As for corporations, CEOs are not particularly good at forecasting. Collectively, they are at best on the cutting edge of conventional wisdom, so when there is anxiety about things like the fiscal cliff, they exude anxiety. And while spending by companies is a key component of economic vitality, spending plans are much more elastic than they were decades ago and can be adjusted more rapidly. That may not be true for building a manufacturing plant, but it is certainly true for hiring and marketing and inventory. So present concerns and stated intentions to cut back could change quickly to exuberance and plans to spend more freely.

It is often said - because it is correct ‑ that you shouldn't bet against the American consumer. Americans have shown a remarkable and consistent predilection to spend over the years, with only a few notable pullbacks such as during the worst periods of the past few years, when savings increased dramatically and credit-card usage declined. Millions of Americans are unemployed and underemployed, but tens of millions more are employed, gainfully and adequately if not passionately and enthusiastically. Excepting Europe, the global outlook is about as stable as it has been, ever.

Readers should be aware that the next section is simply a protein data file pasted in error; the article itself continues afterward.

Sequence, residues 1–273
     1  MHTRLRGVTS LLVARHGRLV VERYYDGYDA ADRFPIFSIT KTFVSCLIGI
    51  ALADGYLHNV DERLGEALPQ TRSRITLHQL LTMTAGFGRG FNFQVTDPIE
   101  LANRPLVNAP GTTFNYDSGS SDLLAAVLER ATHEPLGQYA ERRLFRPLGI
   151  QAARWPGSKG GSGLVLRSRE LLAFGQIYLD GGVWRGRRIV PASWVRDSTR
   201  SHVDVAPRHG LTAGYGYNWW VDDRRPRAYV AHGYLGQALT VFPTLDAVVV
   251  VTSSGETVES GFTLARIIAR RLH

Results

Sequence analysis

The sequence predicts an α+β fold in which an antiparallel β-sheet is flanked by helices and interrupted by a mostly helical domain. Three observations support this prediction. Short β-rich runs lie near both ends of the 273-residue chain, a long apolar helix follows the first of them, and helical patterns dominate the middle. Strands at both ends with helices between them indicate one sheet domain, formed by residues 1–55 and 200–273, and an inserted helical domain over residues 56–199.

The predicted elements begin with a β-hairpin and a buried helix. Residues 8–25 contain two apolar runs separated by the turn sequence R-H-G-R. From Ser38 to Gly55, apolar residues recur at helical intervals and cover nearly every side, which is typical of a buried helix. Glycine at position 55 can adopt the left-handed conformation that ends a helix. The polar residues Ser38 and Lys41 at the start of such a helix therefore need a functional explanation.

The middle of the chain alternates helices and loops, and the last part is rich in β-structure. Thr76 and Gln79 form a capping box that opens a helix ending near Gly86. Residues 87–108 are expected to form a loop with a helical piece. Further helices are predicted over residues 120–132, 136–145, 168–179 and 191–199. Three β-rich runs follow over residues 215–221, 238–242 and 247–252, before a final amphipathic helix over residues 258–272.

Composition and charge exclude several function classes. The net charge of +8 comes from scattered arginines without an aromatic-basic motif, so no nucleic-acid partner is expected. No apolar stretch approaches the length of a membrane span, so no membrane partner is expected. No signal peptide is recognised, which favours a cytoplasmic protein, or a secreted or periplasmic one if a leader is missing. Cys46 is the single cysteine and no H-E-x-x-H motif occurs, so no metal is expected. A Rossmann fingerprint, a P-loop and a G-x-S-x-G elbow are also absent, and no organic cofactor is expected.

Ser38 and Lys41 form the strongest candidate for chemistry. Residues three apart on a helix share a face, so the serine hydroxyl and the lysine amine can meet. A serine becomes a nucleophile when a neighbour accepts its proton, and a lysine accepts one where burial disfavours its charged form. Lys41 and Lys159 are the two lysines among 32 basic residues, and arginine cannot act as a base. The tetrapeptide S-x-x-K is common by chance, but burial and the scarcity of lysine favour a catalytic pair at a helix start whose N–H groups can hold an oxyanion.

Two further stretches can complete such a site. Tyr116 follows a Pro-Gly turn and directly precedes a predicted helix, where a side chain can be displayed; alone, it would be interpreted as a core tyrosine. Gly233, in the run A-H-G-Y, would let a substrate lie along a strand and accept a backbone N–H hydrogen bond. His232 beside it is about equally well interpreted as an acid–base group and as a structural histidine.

While sentiment is just one gauge and its predictive power is unclear, it does underscore a real shift of late in how people view their present and future. Yes, people despair about Washington politics, but that is an old discontent fueled by the issues du jour. And yes, expectations have undoubtedly come down in recent years, as people reconcile themselves to more modest changes and more realistic horizons. But that is a good thing. Shooting for the stars never hurts, but expecting at all times to reach them does none of us any good. Businesses sentiment matters, but it is the consumer - which at the end of the day is we, all of us, you and me - who will power this lumbering collective forward. And for now, that is precisely what they are doing.

"The Edgy Optimist" column is initially published at, an Atlantic partner site